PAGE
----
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Savant Short Review:

The Confessions of
Robert Crumb

The Confessions
of Robert Crumb

Home Vision Entertainment (HVe)
1987 / Color / 1:37 / 55 min.
Starring Robert Crumb, Aline Kominsky Crumb
Cinematography Colin Chase and Patti Musicaro
Writing credits Robert Crumb
Directed by Mary Dickinson

Reviewed by Glenn Erickson

Another in a line of quality documentaries from Home Vision Entertainment, this is a very interesting alternate vision of the life of Robert Crumb, as told by himself. The self-portrait that emerges is a very levelheaded assessment of a truly unusual artist. It was originally a docu for the BBC (7 years before the Terry Zwigoff examination Crumb), which more or less picks up where this good set-up leaves off. And it's a great piece of work.


Using examples of his artwork, home movies, personal photos, and some rare footage, the underground comic artist tries to explain his middle class background, the circumstances that turned him into a cult legend, and his rocky life dealing with the accompanying notoriety. Staged and unstaged video footage shows him living with his wife and child, in general pleased with how his life turned out ... and amused by the surviving remnants of his previous paranoid self.

Confessions gets off to a rocky start with Crumb and Aline, his long-time wife, addressing the camera directly. For a moment we think we're going to get a poor imitation of David Byrne in True Stories, feeding us a line of gab. But it very quickly becomes clear that Crumb is sincere. His on-camera monologues are self-aware, perceptive, and funny. He has no particular axe to grind, nor any inclination to paint a rosy picture of himself.

At UCLA in 1970, Savant became thoroughly immersed in Crumb's underground Zap Comix. The books would have seemed ugly without Crumb's strange interpretation of the classic E. Segar style, and pornographic had they not been so damn true to reality. Crumb was like an extension of early Mad Magazine, but intended for grownups with a sense of subversion. His comics expressed an almost completely negative universe of paranoia and self-loathing, an antisocial state where the guiltiest ideas about sex & race, ethnicity and culture came out completely unencumbered by good taste or restraint. Most of his associates in the comix underground drew obscenely abstract images for their general shock value; but Crumb's work encompassed a drugged-out personal world of expression that was undeniably Valid. Idealists at heart, we thought he had to be the strangest, perhaps the sickest person on the planet, despite his comic defense: "It's all lines on paper, folks!"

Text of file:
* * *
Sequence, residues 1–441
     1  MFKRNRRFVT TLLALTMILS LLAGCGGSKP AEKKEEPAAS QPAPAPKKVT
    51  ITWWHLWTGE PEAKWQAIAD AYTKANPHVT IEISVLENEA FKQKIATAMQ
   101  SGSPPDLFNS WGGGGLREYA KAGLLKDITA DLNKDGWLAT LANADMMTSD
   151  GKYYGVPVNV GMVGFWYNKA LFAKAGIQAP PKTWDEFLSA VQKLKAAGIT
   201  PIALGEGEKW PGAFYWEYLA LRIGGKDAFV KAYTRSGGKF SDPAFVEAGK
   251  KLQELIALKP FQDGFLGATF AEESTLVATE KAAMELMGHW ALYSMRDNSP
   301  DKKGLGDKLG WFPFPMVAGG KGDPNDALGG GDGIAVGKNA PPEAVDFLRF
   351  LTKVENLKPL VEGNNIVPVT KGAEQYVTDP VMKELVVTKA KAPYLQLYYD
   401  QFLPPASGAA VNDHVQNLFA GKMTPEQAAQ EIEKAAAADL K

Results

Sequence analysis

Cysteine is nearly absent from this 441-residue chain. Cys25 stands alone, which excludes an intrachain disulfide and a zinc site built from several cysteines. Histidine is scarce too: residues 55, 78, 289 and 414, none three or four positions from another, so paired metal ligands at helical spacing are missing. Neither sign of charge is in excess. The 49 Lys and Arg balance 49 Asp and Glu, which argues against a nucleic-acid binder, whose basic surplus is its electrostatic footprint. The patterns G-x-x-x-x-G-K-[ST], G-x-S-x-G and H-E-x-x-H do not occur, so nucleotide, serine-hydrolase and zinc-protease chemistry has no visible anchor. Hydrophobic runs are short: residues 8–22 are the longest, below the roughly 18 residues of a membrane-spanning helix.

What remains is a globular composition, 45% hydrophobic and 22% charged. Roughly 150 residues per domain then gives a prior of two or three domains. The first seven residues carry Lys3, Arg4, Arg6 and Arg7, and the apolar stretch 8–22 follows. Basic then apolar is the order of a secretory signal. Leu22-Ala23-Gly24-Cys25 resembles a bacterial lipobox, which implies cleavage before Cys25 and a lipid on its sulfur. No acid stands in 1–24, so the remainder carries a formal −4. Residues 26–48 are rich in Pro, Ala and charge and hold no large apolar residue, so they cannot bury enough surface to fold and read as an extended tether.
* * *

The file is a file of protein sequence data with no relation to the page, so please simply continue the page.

Crumb's desire with Confessions may have been to tell his story straight, perhaps to reasssure us that he's neither the sickest person on the planet, nor the unhappiest. What we see is an intimate autobio. His father was a Marine who couldn't understand how his son could be so wimpy. A job drawing for a greeting-card company, and a painful first marriage got him nowhere, but LSD and relocation to Haight-Ashbury in 1966 put him at the center of the hippie universe - of which he remained a bemused non-participant. He hated the loud music and preferred to listen to the blues greats of old. After having his 'world' co-opted by the corporate media (Fritz the Cat and Nine Lives of Fritz the Cat) he went through what he amusingly describes 'as the same old story' - a kind of nervous breakdown. Through a partnership (marriage and artistic) with his wife Aline, all got put back together. Rather than an anti-climax, the windup of The Confessions of Robert Crumb shows him finding a more realistic style and doing work about his blues heroes. He's still heavily into alienation-chic: we see very nice scenes of him attending comic book conventions dressed essentially as he was back in 1967: the toast of Janis Joplin, yet looking like a practiced geek among the hipsters.

This show is still not stuff for kids of any ilk. Even though little of the strongest material is pictured, there's no real way to present the work of Robert Crumb without being offensive. We see a lot of his most famous art in a very good light. Every time I start any kind of project, I'm reminded of the line, Mr. Natural says, "Always Use the Right Tool for the Job." The image of the cover of Despair Comics, with its alienated suburbanites no longer able to find the motivation to turn on the TV, was a useful memory when it came time to shake off depressing moments in my own life. Early on, Mad Magazine helped me see the pervasiveness of consumer culture; Crumb's Mr. Natural, Flakey Foont and Fritz the Cat put forth the philosophy that any "-ism", including the mostly bullshit counterculture of the '60s, was highly suspect.

The Confessions of Robert Crumb is a brisk and lucid portrait of a very bizarre, but also very legitimate artist. For Crumb enthusiasts it's a must, and for others it's a great introduction ... for the squeamish, perhaps the best way to approach him.

HVe's DVD of The Confessions of Robert Crumb is a simple package: an attractive cover (there's a folding poster of same inside) the disc with the show, a cute animated menu, and chapter stops. That's it; there's no further documentation on the artist or on how the show came to be. It's very satisfying just the same.

On a scale of Excellent, Good, Fair, and Poor,
The Confessions of Robert Crumb rates:
Movie: Excellent
Video: Excellent
Sound: Excellent
Supplements: none
Packaging: Amaray case
Reviewed: February 17, 2002

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